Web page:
Mobile marketing efficiency is unthinkable without qualitative mobile analytics for both apps and ads. This post reviews two of the most popular mobile analytics services and provides some additional insights about using mobile analytics.
Flurry and Pinch Media merged several years ago, and were subsequently acquired by Yahoo! Inc. Both companies offered analytical software for iPhone and iPad devices, with some similar and some different functions. When the brands merged, they refined their combined functions to create a service that includes functions used by all of their respective clients. For example, Flurry supported Android and monitoring unique clickstream data (User Paths), while Pinch Media offered unique features such as tracking smartphones with jailbreak and evaluating data by categories compared to absolute indicators. The combined company now offers both. Since the acquisition by Yahoo!, developers have to register in the Yahoo! system for access.
Should you write a press release for your mobile app? In the following cases, you should:
You published a new mobile app. This is the best time to publish a press release. It’s a great way to inform potential customers about your product.
You released an update for your mobile app. If you have introduced new features, bug fixes, or other improvements, tell your customers about them. Press releases offer a great chance to do so, but you don’t need to write a release for minor fixes that are not relevant to clients. They can be included in the release for your next big update.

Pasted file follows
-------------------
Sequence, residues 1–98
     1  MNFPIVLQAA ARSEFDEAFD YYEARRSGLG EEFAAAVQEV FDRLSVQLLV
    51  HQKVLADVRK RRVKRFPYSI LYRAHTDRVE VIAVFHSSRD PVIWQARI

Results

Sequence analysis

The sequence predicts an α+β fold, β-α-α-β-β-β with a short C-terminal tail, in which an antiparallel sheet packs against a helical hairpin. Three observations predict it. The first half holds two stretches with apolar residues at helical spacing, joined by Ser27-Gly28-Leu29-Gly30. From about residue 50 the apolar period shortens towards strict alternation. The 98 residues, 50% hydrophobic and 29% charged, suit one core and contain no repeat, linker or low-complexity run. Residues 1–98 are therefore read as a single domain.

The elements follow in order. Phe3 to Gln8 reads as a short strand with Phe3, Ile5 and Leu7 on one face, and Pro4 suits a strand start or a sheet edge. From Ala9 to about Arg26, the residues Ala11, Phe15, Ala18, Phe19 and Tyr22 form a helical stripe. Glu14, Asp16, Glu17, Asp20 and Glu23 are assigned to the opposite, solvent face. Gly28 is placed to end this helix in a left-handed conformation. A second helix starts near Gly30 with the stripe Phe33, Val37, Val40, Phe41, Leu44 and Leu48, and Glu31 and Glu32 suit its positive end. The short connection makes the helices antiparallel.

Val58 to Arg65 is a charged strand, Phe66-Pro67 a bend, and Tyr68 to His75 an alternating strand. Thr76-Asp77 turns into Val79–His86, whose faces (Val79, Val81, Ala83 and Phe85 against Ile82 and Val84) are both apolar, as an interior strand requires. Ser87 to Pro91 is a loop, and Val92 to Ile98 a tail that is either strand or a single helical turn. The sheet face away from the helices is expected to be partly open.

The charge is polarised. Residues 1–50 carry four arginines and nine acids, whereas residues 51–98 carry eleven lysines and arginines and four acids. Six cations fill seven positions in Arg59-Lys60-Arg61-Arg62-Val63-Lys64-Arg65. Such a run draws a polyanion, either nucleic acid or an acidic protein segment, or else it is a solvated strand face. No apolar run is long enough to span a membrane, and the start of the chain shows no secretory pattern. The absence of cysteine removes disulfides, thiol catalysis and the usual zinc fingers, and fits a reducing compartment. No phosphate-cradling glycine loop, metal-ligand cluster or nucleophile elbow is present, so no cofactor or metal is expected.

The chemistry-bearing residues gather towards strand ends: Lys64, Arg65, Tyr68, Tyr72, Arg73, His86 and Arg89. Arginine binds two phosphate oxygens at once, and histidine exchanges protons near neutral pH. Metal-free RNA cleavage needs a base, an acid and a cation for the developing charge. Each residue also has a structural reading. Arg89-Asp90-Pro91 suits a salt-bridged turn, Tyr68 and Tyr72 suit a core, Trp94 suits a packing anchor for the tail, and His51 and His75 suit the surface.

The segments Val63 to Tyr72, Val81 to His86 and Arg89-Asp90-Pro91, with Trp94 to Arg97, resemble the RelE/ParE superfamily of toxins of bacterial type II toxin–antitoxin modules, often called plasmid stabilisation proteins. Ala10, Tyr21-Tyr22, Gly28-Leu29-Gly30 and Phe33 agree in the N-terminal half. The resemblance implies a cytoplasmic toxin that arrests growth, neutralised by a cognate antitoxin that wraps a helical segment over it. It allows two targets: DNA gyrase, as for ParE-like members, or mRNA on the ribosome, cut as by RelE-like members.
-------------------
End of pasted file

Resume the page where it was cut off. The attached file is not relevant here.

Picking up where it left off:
There is so much to do in mobile app marketing but to achieve the best results and boost your app sales, you need to concentrate on only two or three digital channels. The first step in choosing the right social media network is to analyze your target audience and try to define where these people hang out on the Internet. Don’t rush to create every possible social account before you find out what is popular among your target users. Effective mobile app marketing implies selling to an audience of at least 5,000 people. If the Facebook groups and pages in your field have a humble population of 10–100 people, you shouldn’t opt for this network. Instead, look at other options.